Historical Initiatives in Marketing Mind Control

Marketing teams use mind control to change the way consumers view their brand, sometimes with such efficiency the change in public perception seems to happen overnight. This viral brand awareness effect occurs when messaging uses the three pillars of rhetoric in equal balance. With facts to gain the customer’s trust, a sense of shared values, and the right appeal to emotion, brands achieve campaigns that do more than just improve sales and awareness. Here are three examples of marketing initiatives that made history with their efficiency at convincing audiences to act.

Volkswagen: Think Small

Credit: Robert Couse-Baker

Known as “The ad that changed advertising,” VW’s “Think Small” campaign is a master course in mind control all on its own. Consider the position of Volkswagen in 1959, the year the Think Small campaign was created by Doyle Dane Berbach ad agency. Volkswagen was a German company ready to claim a stake in the international market, faced with overcoming bitter cultural memory in American buyers. They almost went with Vilkommen, or “Welcome” as the tagline for this mission, but “Think Small” won out.

Think Small didn’t stop at pressing the big cultural perception shift of Making Germany Safe Again after World War II. A close-up look at the ad reveals the innovative nature of the copy against existing expectations. The layout mimics the three-column ads that were traditional to that point, but the writing itself is fresh for the era. It doesn’t rely too much on convincing the consumer, just lays out the facts about why small cars might be better and lets the reader think it over. In fact, it speaks to existing customers. But, any new customers out there drawn in by the ad will still get all the information, without feeling like they must do anything. This roundabout approach is certainly less intimidating than a direct appeal for a new, perhaps suspicious customer’s money.

Ad execs and designers across the world were quick to imitate the tactic of leaving more up to the intelligence of the customer…after setting them up to make the right decision, of course.

Key Takeaways:

Put the Audience’s Emotions First: VW made a great call in not “welcoming” themselves right into the buyer’s household—even though that’s what they wanted and hoped for. Confidence is key, but don’t make the audience feel irrelevant.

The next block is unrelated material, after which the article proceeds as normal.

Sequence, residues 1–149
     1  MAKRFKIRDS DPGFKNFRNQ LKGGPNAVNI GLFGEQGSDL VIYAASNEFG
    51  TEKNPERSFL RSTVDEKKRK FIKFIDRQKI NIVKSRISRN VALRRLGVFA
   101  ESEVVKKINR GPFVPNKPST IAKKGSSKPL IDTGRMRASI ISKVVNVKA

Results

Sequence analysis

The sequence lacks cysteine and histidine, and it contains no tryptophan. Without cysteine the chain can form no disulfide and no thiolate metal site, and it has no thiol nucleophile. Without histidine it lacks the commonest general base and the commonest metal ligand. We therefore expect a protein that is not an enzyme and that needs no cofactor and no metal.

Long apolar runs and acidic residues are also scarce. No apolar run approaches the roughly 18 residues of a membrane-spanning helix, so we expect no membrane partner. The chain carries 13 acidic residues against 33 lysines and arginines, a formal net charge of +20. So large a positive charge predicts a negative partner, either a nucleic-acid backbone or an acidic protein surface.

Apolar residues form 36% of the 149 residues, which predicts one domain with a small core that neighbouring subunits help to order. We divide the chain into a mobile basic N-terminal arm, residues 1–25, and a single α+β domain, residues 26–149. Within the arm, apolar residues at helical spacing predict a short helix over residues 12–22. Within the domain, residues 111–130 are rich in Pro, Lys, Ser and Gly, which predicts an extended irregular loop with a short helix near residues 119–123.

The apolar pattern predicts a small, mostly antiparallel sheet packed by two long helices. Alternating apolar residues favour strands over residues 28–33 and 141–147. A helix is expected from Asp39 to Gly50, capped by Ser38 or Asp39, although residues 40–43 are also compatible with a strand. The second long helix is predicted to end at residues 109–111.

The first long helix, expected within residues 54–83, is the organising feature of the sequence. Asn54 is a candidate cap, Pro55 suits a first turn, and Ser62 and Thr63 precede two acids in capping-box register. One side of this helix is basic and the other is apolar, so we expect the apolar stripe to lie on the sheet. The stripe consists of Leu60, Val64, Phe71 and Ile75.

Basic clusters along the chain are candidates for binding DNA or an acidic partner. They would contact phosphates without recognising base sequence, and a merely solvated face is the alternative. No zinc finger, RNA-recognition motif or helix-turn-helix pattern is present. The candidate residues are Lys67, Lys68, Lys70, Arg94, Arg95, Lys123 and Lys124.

Sell Without Selling: Volkswagen shared all the compelling numbers that would convince a buyer but didn’t call them to purchase. Sometimes the indirect appeal is more effective. Give data and information, but let the reader draw the conclusion for themselves.

DeBeers: A Diamond Is Forever

De Beers started as a cartel and went on to hypnotize the entire world into believing a diamond has inherent value. During the Great Depression pretty much the only way they could ensure a steady profit was to convince every American that a marriage proposal must come along with a diamond. And it’s no secret they resoundingly succeeded. How? By hacking into the emotions of men and women alike and convincing all of us that A Diamond is Forever.

Around 1947, De Beers executed a demand-generation strategy under that legendary slogan, which they have used ever since. (Perhaps significantly, the tagline was the work of a woman, Francis Gehrety, and she didn’t think it was very good.) The strategy included celebrity spokespeople and carefully-executed ads and news stories about diamonds and romance, but didn’t stop there. The company even went so far as to send lecturers to high schools to tell young women about how Diamonds Are Forever and why they needed one, how the purity of the stone signified the clear eternity of love, or something like that. I mean, I wasn’t there, but it’s easy to imagine, because we’ve been hearing it ever since.